Robert Gerard's life story involves a fascinating journey full of twists, turns, and unexpected events. With no specific career plan in place, things just happened - mostly good things! Along the way, over time, people, events, and places seemed to re-emerge in an intriguing way.
Gerard was born in New York City in 1930. He and his mother and father lived on the west side, near Central Park. He didn't know until many years later that his father was an alien who had entered the United States illegally and changed his name. When Robert was just two years old, the FBI came knocking at the apartment off Central Park West. However, they were not looking for illegal aliens. They were looking for the Lindbergh baby!
Later, the family moved to West Orange, New Jersey, a small town where it seemed that nearly everyone was employed by Thomas A. Edison, Inc. Gerard's story captures the lean years of the 1930s, prior to World War II, some problems at home, and his escapades as a teen-ager during the war years, including two years of tough discipline at a private boarding school in North Jersey. It was during this period that his father was deported to Belgium from Ellis Island.
After graduating from high school, Gerard joined the ranks of those who worked at one of the Edison factories in West Orange. Two older workers, combat veterans from WWII, became his mentors. During the early phases of the Korean War, they shared fascinating stories about their wartime experiences. Bored by factory work, and inspired by his two local heroes, Gerard enlisted in the army in 1951.
As a result of some very poor training, Gerard and a good friend decided to apply for admission to Officer Candidate School. Ironically, Robert Gerard, the reluctant applicant, was accepted while his buddy was rejected. After his commissioning, his experience in Korea prompted him to remain in the army. While stationed with the 82d Airborne Division at Fort Bragg, he married a high school classmate in 1954. Together, they had eight children.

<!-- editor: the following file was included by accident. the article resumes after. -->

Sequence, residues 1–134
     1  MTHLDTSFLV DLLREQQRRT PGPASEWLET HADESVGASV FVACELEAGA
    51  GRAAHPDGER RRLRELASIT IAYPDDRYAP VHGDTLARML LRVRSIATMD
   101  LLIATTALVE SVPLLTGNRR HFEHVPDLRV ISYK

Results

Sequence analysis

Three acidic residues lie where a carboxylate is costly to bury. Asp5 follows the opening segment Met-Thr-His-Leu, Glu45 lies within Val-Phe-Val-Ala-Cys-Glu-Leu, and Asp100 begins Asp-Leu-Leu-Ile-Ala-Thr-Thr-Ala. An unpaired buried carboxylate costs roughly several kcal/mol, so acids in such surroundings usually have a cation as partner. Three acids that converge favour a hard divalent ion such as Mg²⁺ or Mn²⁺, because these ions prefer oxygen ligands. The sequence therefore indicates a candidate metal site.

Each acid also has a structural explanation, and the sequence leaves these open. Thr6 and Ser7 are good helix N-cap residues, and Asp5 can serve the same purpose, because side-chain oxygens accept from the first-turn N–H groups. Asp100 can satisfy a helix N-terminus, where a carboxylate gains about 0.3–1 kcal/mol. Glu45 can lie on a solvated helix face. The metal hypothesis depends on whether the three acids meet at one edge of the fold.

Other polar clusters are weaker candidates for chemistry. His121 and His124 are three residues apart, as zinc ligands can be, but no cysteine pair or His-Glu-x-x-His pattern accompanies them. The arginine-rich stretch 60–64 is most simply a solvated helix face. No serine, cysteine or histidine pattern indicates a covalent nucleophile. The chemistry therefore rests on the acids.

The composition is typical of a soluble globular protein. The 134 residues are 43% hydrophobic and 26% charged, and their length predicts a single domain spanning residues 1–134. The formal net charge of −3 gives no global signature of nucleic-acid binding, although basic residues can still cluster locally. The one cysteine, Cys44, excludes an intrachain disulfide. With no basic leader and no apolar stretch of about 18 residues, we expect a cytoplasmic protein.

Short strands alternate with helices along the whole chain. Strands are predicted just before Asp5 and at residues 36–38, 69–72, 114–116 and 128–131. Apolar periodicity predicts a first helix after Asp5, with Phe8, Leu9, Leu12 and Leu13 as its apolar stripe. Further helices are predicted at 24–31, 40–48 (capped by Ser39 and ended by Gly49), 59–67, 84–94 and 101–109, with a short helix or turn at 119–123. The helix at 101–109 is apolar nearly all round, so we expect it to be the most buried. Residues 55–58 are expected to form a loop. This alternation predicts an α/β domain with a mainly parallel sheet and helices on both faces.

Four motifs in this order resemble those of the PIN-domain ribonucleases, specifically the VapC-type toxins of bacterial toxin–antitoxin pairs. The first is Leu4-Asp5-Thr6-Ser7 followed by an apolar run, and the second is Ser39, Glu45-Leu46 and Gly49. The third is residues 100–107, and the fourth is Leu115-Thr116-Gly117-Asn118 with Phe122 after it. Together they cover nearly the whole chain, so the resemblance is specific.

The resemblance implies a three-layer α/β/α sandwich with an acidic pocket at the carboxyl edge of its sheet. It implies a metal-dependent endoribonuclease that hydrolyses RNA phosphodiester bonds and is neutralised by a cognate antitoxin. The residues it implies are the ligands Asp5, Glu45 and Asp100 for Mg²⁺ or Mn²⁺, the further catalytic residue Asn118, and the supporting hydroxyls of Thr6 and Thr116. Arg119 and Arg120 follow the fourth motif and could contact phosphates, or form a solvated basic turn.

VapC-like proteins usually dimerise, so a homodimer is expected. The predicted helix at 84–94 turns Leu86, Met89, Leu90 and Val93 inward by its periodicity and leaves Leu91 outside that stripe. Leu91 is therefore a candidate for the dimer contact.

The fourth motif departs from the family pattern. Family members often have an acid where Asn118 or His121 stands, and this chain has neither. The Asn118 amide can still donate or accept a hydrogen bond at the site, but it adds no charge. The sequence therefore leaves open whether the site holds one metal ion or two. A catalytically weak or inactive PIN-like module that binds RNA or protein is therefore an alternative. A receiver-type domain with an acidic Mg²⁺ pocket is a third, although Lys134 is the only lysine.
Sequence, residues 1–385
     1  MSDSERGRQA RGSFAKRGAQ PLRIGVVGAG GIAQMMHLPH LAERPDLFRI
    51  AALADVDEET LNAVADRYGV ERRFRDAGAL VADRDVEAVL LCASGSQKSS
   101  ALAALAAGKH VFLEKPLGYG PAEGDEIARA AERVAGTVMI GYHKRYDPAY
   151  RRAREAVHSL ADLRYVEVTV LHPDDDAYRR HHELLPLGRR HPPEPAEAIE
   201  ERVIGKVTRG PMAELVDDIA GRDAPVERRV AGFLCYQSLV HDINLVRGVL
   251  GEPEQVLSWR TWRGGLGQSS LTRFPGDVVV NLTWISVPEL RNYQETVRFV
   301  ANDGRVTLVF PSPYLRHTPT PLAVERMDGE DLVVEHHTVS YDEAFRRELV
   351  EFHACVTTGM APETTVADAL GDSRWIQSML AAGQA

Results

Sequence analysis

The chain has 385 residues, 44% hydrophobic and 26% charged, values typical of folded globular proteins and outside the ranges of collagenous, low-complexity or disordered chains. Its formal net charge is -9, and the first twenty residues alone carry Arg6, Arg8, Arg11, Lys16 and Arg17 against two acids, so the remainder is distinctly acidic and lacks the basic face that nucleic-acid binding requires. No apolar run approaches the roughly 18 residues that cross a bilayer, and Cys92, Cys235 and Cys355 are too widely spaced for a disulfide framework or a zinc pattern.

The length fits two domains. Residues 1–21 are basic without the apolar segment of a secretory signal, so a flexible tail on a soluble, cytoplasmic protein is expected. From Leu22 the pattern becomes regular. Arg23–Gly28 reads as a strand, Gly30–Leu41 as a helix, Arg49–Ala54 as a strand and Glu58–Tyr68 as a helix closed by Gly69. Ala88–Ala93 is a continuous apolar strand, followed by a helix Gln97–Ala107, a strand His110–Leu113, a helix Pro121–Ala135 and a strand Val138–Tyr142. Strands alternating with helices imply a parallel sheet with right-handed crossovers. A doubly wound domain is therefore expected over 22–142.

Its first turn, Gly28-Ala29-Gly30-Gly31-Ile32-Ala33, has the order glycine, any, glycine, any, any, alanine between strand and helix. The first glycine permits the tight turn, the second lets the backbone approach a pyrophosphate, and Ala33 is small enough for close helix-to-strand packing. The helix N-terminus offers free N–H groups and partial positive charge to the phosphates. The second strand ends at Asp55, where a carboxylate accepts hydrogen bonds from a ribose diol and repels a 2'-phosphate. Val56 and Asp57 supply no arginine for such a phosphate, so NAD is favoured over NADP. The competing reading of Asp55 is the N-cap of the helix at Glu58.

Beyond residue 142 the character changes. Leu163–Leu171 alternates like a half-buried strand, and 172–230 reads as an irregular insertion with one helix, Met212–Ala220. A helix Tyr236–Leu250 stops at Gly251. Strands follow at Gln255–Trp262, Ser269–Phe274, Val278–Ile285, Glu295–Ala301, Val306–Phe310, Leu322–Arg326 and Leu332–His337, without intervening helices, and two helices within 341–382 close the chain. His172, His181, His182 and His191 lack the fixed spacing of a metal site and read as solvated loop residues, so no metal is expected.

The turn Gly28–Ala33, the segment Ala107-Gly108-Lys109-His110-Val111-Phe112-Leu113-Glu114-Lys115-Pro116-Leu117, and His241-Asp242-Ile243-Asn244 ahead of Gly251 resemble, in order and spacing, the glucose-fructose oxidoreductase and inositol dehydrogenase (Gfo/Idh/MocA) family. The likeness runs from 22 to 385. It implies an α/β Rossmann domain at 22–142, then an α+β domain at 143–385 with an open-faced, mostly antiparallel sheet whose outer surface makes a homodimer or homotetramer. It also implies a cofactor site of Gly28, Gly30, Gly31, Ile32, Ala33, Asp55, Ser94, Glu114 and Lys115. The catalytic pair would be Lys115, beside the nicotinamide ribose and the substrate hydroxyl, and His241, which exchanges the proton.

Gerard describes his assignment as a weapons instructor at Fort Benning, Georgia and then, his experience as a student in the Army's flight school at Fort Rucker, Alabama. An opportunity to complete his undergraduate education took him and his family to Mississippi Southern College in Hattiesburg, Mississippi during the same year that James Meredith became the first black student to be admitted to the University of Mississippi.
Gerard's subsequent assignment at the army's Command and General Staff College at Fort Leavenworth, Kansas (1963-1964) was a year filled with major events, including President Kennedy's assassination, the increasing commitment to military support for South Vietnam, and an address by former President Harry Truman. Next, a wonderful assignment in Verona, Italy, where his family lived in a small Italian village, was cut short due to critical needs for army helicopter pilots in Vietnam.